“After first edit, the MS is ready to be sent off to the respective publisher.  The MS is then formatted into a PDF and all the line and spacing issues are dealt with.  I do a second reading during this stage as well.  When the corrections come back, I check to make sure everything is good to go and usually do a third cursory edit read while we work on the cover art and other important things that go into a work.  Then the proof is ordered and we check to make sure everything is correct and transferred just as we wanted it to be.  After that, we are good to go.  And that's the process for every book with little to no variation.  Just certain things may be different depending on the respective publisher.  But I really am a creature of habit when it comes to writing, that's for sure.”

As with Flanagan’s previous collections there is no unifying theme in Ambient Savage. As he explained in the Gangbangs review, “I much prefer to sit down and write whatever comes to mind over a couple of months, and then look at what I have in its entirety and choose from there.  A few loose themes or motifs often appear, but overall, the idea is to just let things flow and see what comes from that; to mine the subconscious and make sure the conscious just gets out of the way as much as possible. When the poems are written, that is the way they are.”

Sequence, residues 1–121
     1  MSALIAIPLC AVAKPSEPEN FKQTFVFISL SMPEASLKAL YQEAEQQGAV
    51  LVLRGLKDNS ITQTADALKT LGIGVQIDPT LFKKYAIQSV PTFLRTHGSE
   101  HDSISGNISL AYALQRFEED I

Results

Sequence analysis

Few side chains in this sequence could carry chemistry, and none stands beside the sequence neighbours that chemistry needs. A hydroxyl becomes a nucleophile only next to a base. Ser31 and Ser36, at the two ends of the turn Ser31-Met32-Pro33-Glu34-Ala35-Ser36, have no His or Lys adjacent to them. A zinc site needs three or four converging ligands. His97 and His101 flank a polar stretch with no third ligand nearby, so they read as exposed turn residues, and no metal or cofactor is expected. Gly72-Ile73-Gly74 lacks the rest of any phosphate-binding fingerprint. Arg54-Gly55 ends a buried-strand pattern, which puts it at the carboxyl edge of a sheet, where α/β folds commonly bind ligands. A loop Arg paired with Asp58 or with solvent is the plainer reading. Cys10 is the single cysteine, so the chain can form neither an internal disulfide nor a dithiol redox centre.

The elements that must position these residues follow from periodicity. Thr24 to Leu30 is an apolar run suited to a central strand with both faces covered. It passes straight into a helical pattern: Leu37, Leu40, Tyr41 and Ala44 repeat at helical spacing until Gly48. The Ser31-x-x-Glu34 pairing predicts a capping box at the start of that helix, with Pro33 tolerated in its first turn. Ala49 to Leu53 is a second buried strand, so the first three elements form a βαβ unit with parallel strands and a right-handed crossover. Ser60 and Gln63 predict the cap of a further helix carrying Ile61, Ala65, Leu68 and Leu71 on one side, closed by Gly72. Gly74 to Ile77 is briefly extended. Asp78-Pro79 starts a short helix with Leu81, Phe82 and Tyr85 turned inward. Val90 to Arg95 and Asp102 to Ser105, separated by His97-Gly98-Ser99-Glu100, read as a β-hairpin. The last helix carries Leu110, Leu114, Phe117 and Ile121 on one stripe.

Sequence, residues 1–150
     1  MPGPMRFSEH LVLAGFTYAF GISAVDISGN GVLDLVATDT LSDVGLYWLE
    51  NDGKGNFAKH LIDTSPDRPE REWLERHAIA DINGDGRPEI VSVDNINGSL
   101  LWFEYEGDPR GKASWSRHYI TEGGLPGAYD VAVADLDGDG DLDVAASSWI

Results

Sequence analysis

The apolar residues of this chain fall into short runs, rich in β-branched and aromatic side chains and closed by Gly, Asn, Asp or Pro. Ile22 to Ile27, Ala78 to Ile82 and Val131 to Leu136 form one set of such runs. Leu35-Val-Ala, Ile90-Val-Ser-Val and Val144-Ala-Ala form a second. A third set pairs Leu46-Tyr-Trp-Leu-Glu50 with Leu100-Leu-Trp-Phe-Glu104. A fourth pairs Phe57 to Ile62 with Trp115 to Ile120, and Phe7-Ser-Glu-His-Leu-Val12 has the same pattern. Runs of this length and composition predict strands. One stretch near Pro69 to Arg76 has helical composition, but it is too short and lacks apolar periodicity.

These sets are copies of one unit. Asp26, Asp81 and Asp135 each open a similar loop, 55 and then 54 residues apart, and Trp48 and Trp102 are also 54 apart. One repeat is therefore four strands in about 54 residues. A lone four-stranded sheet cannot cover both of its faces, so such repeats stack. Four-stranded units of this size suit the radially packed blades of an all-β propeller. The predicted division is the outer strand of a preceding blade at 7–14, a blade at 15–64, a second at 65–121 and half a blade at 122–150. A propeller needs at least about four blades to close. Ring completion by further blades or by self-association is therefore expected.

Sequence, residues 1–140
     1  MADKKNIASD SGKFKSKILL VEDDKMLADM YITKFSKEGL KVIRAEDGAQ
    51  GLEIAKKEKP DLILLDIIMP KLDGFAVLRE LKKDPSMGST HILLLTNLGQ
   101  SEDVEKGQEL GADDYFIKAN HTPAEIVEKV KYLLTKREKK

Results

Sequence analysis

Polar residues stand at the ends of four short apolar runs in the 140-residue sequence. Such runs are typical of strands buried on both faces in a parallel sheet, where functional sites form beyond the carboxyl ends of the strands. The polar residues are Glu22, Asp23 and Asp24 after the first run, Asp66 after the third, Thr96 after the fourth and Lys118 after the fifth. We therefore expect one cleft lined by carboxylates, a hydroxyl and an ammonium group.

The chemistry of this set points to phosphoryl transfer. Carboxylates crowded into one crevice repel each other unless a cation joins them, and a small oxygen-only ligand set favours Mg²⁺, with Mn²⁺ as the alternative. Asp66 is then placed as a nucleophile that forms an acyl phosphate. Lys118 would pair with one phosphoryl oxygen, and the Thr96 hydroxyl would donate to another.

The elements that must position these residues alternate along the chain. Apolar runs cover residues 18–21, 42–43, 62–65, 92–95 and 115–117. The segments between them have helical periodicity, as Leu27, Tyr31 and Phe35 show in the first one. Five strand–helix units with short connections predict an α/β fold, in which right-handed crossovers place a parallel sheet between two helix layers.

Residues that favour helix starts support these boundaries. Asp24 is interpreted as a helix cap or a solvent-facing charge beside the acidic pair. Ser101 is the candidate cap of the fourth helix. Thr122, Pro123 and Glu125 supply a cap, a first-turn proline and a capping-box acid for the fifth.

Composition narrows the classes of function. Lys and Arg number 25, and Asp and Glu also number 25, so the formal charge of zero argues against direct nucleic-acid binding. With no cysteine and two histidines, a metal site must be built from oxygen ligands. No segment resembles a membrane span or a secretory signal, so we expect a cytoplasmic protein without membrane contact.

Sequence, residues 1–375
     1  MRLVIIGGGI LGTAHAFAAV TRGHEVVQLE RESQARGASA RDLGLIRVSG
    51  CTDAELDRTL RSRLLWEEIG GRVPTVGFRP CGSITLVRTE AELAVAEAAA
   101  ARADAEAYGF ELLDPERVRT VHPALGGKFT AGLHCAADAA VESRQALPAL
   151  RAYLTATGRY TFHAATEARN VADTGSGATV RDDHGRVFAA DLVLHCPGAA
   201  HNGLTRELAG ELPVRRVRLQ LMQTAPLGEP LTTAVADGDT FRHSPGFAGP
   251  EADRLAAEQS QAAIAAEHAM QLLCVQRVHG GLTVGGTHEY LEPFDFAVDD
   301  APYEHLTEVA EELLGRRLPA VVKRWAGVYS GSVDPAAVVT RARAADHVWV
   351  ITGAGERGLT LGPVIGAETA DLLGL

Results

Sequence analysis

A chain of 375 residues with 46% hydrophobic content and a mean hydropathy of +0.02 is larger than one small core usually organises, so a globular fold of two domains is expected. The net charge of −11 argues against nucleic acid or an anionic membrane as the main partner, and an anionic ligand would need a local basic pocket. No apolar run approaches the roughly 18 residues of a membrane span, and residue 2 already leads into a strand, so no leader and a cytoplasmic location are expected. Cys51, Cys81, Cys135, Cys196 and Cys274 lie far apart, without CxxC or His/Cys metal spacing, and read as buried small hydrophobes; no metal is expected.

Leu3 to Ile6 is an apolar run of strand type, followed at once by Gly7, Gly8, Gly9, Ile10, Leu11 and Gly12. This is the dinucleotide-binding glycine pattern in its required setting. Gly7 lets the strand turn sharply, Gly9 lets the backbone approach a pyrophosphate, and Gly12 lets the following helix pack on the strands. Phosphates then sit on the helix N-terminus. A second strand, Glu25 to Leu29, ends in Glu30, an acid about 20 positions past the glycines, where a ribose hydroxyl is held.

The poems in Ambient Savage were written over a short period of time two years ago and “in the same head space.” Flanagan says of the process of getting this collection published:

“Ambient Savage was written about two years ago. I then approached the amazing artist Marcel Herms about his fantastic art for the cover.  I love whenever I get a chance to work with Marcel.  We've worked together on five books to date and I'm sure there will be many more.  Once I had the book written assembled and proofed and the cover art, I approached a press about working with them. To their credit, they got back to me and said they would like to publish Ambient Savage, but had so many books ahead of it in the queue that it would be over a year before they could get to it and suggested I see if I could get it picked up somewhere else in the meantime if I could.  I was very appreciative of them being so upfront about the wait.  That extra time would have put the poems at over three years old at that point.  I then went over the MS again with yet another proof before I approached Rust Belt and Ambient Savage came about pretty quickly after that.